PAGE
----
Many methods have been used to give an indication of level from a float position with the most common being a float and cable arrangement. The operational concept of a float and cable is shown in the following diagram;
The float is connected to a pulley by a chain or a flexible cable and the rotating member of the pulley is in turn connected to an indicating device with measurement graduation. As can be seen, as the float moves upward, the counterweight keeps the cable tight and the indicator moves along the circular scale.
B. Inferential or Indirect Methods
Indirect or inferred methods of level measurement depend on the material having a physical property which can be measured and related to level. Many physical and electrical properties have been used for this purpose and are well suited to producing proportional output signals for remote transmission. This method employs even the very latest technology in its measurement.
Included in these methods are;
A. Buoyancy :-
the force produced by a submerged body which is equal to the weight of the fluid it displaces.
B. Hydrostatic head :-
the force or weight produced by the height of the liquid.
C. Sonar or ultrasonic :-
materials to be measured reflect or affect in a detectable manner high frequency sound signals generated at appropriate locations near the measured material.
D. Microwave :-
similar to ultrasonic but uses microwave instead of ultrasonic beam.
E. Conductance :-
at desired points of level detection, the material to be measured conducts (or ceases to conduct) electricity between two fixed probe locations or between a probe and vessel wall.
F. Capacitance :-
the material to be measured serves as a variable dielectric between two fixed capacitor plates. In reality, there are two substances which form the dielectric -the material whose measurement is desired and the vapor space above it.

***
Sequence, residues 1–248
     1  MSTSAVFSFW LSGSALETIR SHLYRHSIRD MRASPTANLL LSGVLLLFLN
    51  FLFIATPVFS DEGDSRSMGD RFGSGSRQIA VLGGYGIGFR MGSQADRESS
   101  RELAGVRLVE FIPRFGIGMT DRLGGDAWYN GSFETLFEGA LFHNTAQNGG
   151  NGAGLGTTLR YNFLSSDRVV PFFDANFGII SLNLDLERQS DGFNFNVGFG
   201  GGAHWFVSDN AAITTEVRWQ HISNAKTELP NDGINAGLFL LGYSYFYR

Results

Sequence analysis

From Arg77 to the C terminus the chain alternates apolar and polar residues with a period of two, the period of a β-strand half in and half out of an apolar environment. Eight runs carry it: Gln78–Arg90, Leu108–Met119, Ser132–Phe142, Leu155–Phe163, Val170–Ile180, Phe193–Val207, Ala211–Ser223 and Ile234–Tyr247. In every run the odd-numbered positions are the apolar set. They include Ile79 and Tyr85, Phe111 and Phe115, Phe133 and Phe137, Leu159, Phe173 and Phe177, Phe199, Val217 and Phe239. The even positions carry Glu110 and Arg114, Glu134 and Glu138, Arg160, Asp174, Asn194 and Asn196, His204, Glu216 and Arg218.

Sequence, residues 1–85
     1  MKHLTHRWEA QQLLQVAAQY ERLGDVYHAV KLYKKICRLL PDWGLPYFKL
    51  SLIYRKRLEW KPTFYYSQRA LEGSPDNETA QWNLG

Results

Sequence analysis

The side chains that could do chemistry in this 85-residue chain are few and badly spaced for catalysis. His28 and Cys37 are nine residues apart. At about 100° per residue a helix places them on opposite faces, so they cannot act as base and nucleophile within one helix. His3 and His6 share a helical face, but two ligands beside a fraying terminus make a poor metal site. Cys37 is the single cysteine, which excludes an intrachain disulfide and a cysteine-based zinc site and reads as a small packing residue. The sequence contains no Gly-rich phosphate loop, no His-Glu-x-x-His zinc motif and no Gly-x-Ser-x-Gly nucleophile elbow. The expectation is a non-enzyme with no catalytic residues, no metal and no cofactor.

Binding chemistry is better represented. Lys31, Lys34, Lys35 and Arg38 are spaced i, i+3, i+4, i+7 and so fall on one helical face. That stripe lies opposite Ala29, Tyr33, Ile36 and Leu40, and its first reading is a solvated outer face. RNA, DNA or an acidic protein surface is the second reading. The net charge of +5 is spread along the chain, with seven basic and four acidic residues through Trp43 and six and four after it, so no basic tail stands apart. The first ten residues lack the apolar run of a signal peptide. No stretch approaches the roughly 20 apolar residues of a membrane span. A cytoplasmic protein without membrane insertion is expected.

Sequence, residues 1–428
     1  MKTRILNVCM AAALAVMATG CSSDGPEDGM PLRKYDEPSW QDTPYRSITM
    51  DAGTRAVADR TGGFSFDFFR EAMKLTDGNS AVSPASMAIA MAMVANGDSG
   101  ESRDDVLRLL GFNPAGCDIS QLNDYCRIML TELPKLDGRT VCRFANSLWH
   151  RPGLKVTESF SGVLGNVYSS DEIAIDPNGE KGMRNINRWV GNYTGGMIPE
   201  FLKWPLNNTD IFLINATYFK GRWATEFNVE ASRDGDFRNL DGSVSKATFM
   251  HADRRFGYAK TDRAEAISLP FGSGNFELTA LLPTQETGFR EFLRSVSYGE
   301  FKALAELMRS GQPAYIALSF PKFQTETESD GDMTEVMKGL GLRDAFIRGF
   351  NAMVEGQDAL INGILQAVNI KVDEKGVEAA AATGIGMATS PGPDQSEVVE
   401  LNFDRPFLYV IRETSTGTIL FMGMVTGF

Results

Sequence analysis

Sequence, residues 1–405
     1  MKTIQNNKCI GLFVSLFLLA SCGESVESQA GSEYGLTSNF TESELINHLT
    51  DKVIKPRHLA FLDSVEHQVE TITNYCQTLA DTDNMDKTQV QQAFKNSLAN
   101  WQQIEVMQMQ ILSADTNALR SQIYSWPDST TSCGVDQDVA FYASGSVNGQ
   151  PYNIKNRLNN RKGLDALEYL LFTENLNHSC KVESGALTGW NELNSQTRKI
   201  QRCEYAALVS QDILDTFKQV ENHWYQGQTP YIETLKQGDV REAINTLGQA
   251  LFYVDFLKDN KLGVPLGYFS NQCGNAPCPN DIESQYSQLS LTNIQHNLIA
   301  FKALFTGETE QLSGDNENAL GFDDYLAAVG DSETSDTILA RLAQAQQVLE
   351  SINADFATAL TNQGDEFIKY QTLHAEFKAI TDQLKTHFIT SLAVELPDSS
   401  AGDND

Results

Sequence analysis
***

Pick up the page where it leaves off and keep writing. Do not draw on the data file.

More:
The total dielectric value change as the amount of one material increases while the other decreases.
G. Radiation :-
the material measured absorbs radiated energy. As in the capacitance method, vapor space above the measured material also has an absorbing characteristics, but the difference in absorption between the two is great enough that the measurement can be related quite accurately to measured material.
H. Weight: :-
the force due to weight can be related very closely to level when its density is constant. Variable concentrations components or temperature variations present difficulties, however.
I. Resistance :-
Pressure of the measured material squeezes two narrowly separated conductor together, reducing overall circuit resistance in an amount proportional to level.
J. Micro-Impulse :-
“time-of-flight”, electrical pulses launch and travels back in frequency directly proportional to the level of the liquid.
Article Source : N. Asyiddin
- Sight Glass Level Measurement Principle
- Float Level Measurement
- Basics of Sight Glass Level Gauge
- Basics of Level Measurement
- Cat and Mouse type Level Indicator
- Displacer Level Transmitter Dry Calibration with Weights
- Manual Level Measurement
- Hydrostatic Level Measurement
- Cable Float Level Switch Working Principle
- McLeod Gauge Working Principle